I hate excuses.
Which is why the above picture is of one of the walls at my gym.
I tolerate “reasons” for failure for a period of time, but not excuses.
What’s the difference?
Let me tell you a story.
Chuck travels a lot for work.
He is on the run nonstop.
Airport to airport, meeting to meeting, and hotel to hotel.
The majority of his meals are either on the go or in a restaurant.
Chuck is in the heat of a fitness transformation and he wants to stay on plan to help him achieve the changes he is looking for with his body.
To his credit, he stays on plan the majority of the time and sees good progress, but once in awhile he reports back when things have not gone so well.
Does Chuck give me excuses or reasons for his lack of compliance?
If he gave me EXCUSES it may sound something like this:
- I couldn’t get enough protein on this trip because my flight left so early one morning that I didn’t have time to pack my protein powder.
- The airport didn’t have a healthy food option near my gate during my layover, so I got snacks from a vending machine.
- The stewardess was giving everyone pop on the flight so I drank it.
- My client in Atlanta insisted we go to a Mexican restaurant so there was no way I could eat on plan.
- The hotel gym only had cardio equipment and the program you gave me only involves weights so I skipped my workouts.
Now, if Chuck gave REASONS for doing the same off-plan things, it may sound something like this:
- I didn’t get enough protein on this trip because I didn’t take the time to pack my powder before my early morning flight.
- I didn’t feeling like walking across the airport concourse to go to a healthy cafe so I got snacks from a vending machine.
- I was craving pop on the flight so I took it when the stewardess offered.
- My client in Atlanta insisted we go to a Mexican restaurant. I didn’t want to ask for a meal modification, so I ate off-plan.
- The hotel gym only had cardio equipment and I was tired this week so I didn’t bother asking you for a program modification.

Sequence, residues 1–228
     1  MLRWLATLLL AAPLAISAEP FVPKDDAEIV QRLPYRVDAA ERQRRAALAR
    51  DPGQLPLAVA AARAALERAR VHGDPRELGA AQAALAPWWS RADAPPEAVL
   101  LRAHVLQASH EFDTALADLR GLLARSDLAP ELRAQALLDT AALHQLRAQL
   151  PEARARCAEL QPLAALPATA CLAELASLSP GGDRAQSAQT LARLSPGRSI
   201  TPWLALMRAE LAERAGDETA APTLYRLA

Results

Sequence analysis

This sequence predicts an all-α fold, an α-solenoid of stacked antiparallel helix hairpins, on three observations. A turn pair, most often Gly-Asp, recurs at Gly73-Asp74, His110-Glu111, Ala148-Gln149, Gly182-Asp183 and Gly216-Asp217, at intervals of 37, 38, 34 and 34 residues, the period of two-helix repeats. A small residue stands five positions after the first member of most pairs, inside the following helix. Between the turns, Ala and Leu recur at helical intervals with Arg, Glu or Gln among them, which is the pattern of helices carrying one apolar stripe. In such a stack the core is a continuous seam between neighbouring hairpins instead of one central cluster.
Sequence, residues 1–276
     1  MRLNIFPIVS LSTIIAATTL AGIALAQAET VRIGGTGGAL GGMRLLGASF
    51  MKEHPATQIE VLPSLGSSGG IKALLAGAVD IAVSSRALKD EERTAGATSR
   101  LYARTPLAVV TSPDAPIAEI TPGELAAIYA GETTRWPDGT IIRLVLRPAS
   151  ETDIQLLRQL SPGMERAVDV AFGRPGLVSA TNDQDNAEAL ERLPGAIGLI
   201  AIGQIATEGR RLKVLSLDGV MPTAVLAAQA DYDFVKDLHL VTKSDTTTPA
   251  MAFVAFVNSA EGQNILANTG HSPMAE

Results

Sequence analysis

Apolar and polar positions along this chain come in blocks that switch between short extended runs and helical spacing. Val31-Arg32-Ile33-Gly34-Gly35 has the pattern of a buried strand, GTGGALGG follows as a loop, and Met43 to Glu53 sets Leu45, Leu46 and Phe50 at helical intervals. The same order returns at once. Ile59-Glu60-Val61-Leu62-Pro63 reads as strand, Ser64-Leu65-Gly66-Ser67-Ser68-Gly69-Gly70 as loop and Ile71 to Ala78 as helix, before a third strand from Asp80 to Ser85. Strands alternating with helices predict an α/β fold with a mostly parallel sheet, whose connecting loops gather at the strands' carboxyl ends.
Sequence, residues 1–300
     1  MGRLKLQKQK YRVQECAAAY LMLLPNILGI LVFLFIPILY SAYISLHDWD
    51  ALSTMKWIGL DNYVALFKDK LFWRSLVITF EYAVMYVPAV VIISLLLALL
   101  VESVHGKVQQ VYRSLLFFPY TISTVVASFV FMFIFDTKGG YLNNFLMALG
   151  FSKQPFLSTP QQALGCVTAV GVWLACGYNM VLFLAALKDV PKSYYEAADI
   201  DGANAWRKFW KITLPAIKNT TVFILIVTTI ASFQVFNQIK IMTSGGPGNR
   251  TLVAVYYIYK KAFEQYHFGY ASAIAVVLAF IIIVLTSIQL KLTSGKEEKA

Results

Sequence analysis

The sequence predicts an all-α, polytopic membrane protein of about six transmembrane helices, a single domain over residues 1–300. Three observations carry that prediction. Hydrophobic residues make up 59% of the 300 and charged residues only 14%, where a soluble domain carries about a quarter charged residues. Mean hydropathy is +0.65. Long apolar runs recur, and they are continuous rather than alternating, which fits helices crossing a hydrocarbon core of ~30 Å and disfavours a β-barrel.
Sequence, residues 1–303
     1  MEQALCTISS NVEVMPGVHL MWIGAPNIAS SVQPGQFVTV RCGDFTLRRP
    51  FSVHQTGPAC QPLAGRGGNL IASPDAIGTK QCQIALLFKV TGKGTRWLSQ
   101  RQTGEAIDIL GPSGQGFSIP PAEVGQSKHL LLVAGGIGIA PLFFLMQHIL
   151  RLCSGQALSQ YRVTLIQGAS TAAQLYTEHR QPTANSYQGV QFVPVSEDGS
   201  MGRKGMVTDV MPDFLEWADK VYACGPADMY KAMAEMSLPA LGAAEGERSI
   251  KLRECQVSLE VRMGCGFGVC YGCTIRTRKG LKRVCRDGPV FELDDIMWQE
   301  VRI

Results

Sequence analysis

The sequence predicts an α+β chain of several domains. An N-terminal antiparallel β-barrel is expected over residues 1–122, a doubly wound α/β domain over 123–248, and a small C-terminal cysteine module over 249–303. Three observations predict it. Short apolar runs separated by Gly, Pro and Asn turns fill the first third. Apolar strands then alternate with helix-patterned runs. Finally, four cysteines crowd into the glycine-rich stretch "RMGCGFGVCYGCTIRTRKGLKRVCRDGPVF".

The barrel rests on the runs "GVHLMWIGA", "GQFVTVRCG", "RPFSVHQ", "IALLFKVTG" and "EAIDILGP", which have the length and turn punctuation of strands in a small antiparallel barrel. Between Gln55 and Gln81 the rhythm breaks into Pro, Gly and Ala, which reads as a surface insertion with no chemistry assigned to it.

What do you notice about excuses vs. reasons?
Accountability and blame.
When someone makes excuses, they do not take accountability and they place the blame on other people or things.
When a person gives reasons, they are accountable for their actions and take at least a piece of the blame.
- Just because a flight is early doesn’t mean you can blame it for your lack of preparation.
- At least the airport had a healthy option. Start walking.
- Buy a bottle of water to drink before you get on your flight.
- Unless you are literally having dinner at a bakery, there is ALWAYS a “healthier” route you can take when ordering your food.
- When a hotel gym isn’t ideal, modify the workout or start booking a hotel that has a gym that meets your needs.
For every excuse a person makes in fitness, there is a real reason that points back to something they did or didn’t do.
I don’t expect all clients to be perfect.
Especially when they are learning the ropes and strategies of staying on-plan in difficult situations. This is why a person giving reasons for making mistakes early on is understandable.
You just have to learn that for every mistake you make, there was an option that could have helped you avoid it.
Those that continually try to blame their failures on others will not succeed.
Side note: Chuck is not actually real and his story is not necessarily based on actual events.
If you have any questions I can help you with, feel free to email me at: JwaltersPT@gmail.com
I answer all emails.
Or to learn more, visit: JonWalters.CO